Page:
Extracellular histone/DNA complexes have also been identified in arterial thrombi following thromboectomy44,88 obtained from abdominal aortic aneurism patients.88 The codistribution of fibrin and NETs is apparent in arterial thrombi.44 Combination therapies digesting fibrin and DNA may be needed for efficient thrombolysis31 (Figure 5), as will be discussed below.
New possibilities to prevent thrombosis and improve thrombolysis
Thrombus development involves an ongoing process of maturation.89 Animal models of DVT have established a time course of initial neutrophil and platelet recruitment followed by monocyte infiltration and eventual thrombus resolution.34,58,90,91 There are several potential new targets for either the prevention of thrombosis or enhancement of thrombolysis (Figure 5). Platelets and platelet adhesion to VWF are essential to thrombus generation,34,58 and 2 recent clinical trials showed that aspirin, long regarded as an antiplatelet therapy, prevents venous thromboembolism recurrence.92,93 Interestingly, aspirin can also inhibit NETosis in vitro.94 Preventing Weibel-Palade body release, for example with agents that increase nitric oxide generation95 or otherwise interfere with endothelial VWF/P-selectin secretion,96 or targeting platelet-VWF interactions would both prevent platelets and neutrophils from tethering onto the vessel wall and their possible recruitment of other platelets and neutrophils on activation. The A1 domain of VWF binds to glycoprotein Iβ on platelets, promoting their adhesion. In vivo, inhibition of this interaction targeting the VWF A1 domain by antibodies or aptamers 97,98 greatly reduces thrombus formation in arteries and veins.58,98 Inhibiting VWF would prevent P-selectin glycoprotein ligand-1 (PSGL-1)-mediated leukocyte rolling and also firm adhesion via β2 integrins such as Mac1.99 ADAMTS13, a protease that specifically cleaves VWF,100 can be administered in vivo to reduce thrombosis101 and to aid in thrombolysis of thrombi in venules.102 Recombinant ADAMTS13 (rADAMTS13) can prevent microthrombosis such as in ischemia reperfusion injury occurring in myocardial infarction or stroke.103,104 rADAMTS13 could also be used in DVT prophylaxis by reducing initial platelet accumulation and neutrophil recruitment, as well as in aiding thrombolysis in combination with fibrinolytic or NET-degrading therapies. Some improvement after combining ADAMTS13 and DNase 1 was observed in a murine myocardial ischemia/reperfusion model.105 It is of interest to note that polymorphisms in both ADAMTS13 and DNase 1 linked to reduced activity are associated with myocardial infarction in humans.106,107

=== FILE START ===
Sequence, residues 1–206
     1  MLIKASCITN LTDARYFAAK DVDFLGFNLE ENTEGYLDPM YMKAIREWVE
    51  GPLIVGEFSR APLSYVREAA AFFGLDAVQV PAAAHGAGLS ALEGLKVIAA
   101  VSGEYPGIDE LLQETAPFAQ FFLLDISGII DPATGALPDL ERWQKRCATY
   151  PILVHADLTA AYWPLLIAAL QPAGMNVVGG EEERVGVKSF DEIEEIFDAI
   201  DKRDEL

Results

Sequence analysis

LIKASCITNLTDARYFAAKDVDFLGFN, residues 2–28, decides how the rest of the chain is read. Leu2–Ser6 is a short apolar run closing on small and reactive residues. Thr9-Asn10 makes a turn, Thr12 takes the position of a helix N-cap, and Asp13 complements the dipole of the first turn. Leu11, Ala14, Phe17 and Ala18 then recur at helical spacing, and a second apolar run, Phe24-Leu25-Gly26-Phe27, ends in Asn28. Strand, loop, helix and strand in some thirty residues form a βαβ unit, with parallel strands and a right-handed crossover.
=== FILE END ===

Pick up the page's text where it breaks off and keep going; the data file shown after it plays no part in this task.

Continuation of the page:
Targeting P-selectin, the other important component of Weibel-Palade bodies and α-granules, is triply beneficial, as it reduces neutrophil recruitment, the activating interaction between neutrophils and platelets, and the generation of TF-containing microparticles.39 P-selectin inhibition is protective in DVT animal models,34,53,63,108 significantly reducing neutrophil recruitment to the vessel wall,34,63 NET generation,34 and reducing the procoagulant activity of P-selectin.108,109 The ideal antithrombotic agent will prevent pathological thrombosis with minimal impact on hemostasis. In this respect, neutrophils are such a target. Neutrophil depletion was reported to reduce thrombus size in mouse DVT,34 and this is likely due to their ability to make NETs through the action of PAD4.16 PAD4 inhibitors would prevent NETs from being formed, while DNases could be used to degrade NETs that are already present (Figure 5). A variety of nucleases could be tested for thrombolysis, perhaps even ones of bacterial origin as streptokinase effectively digests fibrin.
Central to the feasibility of NETs degradation is their structure: they are strands of highly decondensed chromatin exposed to the extracellular environment and thus accessible to DNases.1,2 Certain pathogens produce nucleases that allow them to evade capture and killing by NETs.74,110,111 Such nucleases may be good candidates to improve thrombolysis. Administration of DNase I has a protective effect in vivo in murine models of ischemic stroke,60 myocardial infarction,105 and DVT.34,54 Combination therapies including DNase with ADAMTS13 and/or tissue plasminogen activator could allow for more complete penetration of thrombolytic agents within large thrombi. Current therapies are centered on anticoagulation and fibrinolysis112 that, with the exception of heparin (see below), are unlikely to dismantle or degrade the NET component of the venous thrombus scaffold. Indeed, clots produced with NETosing neutrophils could only be degraded with a combination of tissue plasminogen activator and DNase I.31 Similarly, addition of histones and DNA to fibrin clots in vitro makes them more resistant to fibrinolysis.44